Because you don't alawys simply want to communicate an error by simply spewing data to the console. That is usually the course of last resort.
typically, you want to develop a structured error handling system. One notable featured of a structured system like this is is the ability to communicate an error condition to the caller of a function or procedure. in this instance if the caller is aware that there may be esceptional circumstances and is prepared to deal with this error communication from the callee, it is done so.
howeer, exception have a special property , that they will continue to exist as long as they are uncaught, going further and further back up the chain of callers until the 'signal' , the error, they represent is handled.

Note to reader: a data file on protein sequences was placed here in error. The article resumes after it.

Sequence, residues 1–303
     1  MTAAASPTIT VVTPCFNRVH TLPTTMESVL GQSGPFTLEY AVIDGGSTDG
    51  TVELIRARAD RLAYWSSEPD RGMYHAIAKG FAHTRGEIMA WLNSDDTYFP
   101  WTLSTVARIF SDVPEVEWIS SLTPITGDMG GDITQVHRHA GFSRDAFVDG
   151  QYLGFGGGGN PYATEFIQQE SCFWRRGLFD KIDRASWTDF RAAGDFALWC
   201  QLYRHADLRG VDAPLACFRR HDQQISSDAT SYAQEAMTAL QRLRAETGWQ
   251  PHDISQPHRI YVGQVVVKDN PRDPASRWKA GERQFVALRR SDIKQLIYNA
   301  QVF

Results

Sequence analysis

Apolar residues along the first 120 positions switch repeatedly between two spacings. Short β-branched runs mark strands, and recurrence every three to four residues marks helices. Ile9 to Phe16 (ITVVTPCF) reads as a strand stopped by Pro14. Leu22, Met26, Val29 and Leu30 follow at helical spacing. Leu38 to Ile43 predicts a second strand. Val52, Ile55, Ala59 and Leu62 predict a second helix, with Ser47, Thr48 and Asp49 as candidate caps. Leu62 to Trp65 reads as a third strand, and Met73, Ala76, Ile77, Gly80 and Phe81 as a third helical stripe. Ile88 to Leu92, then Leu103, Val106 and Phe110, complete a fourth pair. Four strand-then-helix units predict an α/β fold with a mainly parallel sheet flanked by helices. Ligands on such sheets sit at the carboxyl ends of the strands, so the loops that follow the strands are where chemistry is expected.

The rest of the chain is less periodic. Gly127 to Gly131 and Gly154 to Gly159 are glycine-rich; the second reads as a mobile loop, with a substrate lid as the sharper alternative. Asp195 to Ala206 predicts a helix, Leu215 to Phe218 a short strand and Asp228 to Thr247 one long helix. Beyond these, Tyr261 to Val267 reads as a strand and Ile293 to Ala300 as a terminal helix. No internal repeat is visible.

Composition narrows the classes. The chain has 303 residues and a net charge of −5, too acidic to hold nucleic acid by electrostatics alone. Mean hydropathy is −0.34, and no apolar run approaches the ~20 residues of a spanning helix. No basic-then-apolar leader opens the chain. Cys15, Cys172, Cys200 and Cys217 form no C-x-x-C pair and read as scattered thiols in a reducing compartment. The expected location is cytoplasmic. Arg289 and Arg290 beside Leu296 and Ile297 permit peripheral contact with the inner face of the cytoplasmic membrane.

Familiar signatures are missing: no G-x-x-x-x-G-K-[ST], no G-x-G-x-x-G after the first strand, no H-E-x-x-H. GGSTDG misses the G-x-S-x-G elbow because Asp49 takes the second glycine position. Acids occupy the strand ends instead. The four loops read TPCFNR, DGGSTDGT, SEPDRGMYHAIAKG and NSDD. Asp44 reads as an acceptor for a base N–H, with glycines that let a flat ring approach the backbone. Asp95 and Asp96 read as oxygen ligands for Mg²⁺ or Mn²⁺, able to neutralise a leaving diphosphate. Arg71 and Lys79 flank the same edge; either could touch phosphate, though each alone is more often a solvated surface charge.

many times, errors ( exceptions ) ARE caught and dealt with ( handled ) without sending anything to the console.
The up-chaining, propagating exception system provides a baked-in-the-compiler , syntactically clean way of providing structured error handling.
error codes or signals can also be used for this purpose, but are not quite as syntactically smooth, and leave a lot of traces in the coding, of there being a lot of error handling code. Exceptions try to hide error handling, except where it is absolutely necessary, by using the compiler and runtime to keep track of error code status automatially.